In the last blog post, we wrote a bit about how a shooting can be ruled a form of battery and heard in a personal injury court. Just after writing that piece, we were reading more about another shooting in the Tampa area.
In this case, it was a 14-year-old boy who was shot and killed. It was a drive-by shooting, and although the suspects have not been named or found, there is reason to believe that the killing was a form of retaliation. This comes after the 14-year-old had served as a witness in a stabbing case months before.
This wasn’t the boy’s first run-in with trouble. Shortly after being a witness, he was robbed at gun point. Arrests were made in that case, but this time, the police did not arrive until after the shooters had taken off.
The 14-year-old was rushed to the hospital, but it was too late, and he was pronounced dead upon arrival.
Of course, the family has the right to seek damages. They can hire a personal injury attorney to sue the perpetrators because it was a form of assault. Given the intent to kill and the severity of the situation, it would likely be ruled a worthwhile case, and the personal injury attorney would likely begin by digging into the facts of the case as well as the perpetrators’ criminal records.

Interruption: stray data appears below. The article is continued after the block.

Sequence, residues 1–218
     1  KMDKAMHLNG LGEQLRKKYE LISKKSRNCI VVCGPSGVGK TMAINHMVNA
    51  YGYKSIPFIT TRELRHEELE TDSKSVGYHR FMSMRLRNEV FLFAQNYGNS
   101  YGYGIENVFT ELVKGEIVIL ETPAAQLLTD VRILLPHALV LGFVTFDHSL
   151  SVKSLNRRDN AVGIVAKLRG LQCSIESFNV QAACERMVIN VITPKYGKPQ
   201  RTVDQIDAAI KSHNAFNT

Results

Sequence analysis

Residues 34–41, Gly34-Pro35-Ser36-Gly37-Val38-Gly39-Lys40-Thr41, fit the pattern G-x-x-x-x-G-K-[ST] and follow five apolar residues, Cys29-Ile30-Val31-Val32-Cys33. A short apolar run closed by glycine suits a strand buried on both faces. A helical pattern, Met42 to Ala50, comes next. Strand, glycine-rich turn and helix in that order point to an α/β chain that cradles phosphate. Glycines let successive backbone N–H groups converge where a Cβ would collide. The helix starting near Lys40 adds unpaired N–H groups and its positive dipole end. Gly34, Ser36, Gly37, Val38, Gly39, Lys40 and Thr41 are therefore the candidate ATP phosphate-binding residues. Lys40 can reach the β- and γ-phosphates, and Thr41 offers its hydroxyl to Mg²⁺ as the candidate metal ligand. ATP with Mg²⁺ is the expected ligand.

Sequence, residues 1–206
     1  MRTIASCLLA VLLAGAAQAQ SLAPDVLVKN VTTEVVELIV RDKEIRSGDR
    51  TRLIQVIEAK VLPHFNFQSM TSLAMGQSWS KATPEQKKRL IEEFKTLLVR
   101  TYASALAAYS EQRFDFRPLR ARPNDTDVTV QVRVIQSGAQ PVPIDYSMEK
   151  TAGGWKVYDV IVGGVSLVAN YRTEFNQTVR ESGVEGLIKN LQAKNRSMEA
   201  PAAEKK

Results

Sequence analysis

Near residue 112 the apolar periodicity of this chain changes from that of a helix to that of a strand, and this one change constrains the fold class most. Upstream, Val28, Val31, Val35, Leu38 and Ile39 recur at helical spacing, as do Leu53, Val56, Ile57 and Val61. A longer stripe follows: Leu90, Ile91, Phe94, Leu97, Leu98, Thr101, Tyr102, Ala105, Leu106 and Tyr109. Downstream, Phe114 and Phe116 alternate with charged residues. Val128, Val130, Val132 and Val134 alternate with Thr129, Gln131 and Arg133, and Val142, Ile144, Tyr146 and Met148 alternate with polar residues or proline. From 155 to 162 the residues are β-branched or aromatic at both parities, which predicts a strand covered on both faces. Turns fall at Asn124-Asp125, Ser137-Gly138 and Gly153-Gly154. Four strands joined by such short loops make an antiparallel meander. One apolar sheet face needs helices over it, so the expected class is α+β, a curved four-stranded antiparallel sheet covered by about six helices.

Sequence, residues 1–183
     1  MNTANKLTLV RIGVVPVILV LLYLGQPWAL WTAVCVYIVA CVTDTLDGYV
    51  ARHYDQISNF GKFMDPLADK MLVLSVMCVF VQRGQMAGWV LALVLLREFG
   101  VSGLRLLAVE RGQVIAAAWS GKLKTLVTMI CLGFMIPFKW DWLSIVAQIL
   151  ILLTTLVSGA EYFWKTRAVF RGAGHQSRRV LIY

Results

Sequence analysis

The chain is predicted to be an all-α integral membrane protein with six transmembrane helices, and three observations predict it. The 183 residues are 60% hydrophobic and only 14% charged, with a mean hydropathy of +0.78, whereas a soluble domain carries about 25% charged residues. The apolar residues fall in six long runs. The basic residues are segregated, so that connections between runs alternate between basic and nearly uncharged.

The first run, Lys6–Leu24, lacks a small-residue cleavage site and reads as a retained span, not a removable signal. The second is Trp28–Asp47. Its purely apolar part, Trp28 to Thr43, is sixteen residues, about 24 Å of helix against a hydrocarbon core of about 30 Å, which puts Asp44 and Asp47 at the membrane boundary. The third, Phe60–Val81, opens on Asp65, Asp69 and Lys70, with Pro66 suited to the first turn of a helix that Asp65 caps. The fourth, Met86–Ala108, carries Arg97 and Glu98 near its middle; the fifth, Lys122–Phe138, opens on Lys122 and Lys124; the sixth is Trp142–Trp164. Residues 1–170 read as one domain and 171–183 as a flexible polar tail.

In the previous blog post, for instance, we spoke about an argument between an ex-husband and a current husband that turned deadly. The ex-husband, who was the shooter, had an extensive arrest history, which did include cases of battery. It is clear that this man did not have a problem threatening and harming others. This history will obviously hurt the defendant’s case.
Unfortunately, regardless of the criminal history, and despite the severity of the offense, the courts cannot award damages unless there is evidence that the defendant named was, in fact, the person who committed the assault. Police in this case say that the 14-year-old’s friends were there at the time of the shooting, but that they chose to leave the scene before the police arrived. It is very likely, especially given the fact that this is being unofficially deemed a case of retaliation for police cooperation, which those who witnessed the crime will choose to remain unnamed. They are not likely to step forward and provide testimony because they fear for their own lives. Without evidence, personal injury cases are lost before they begin.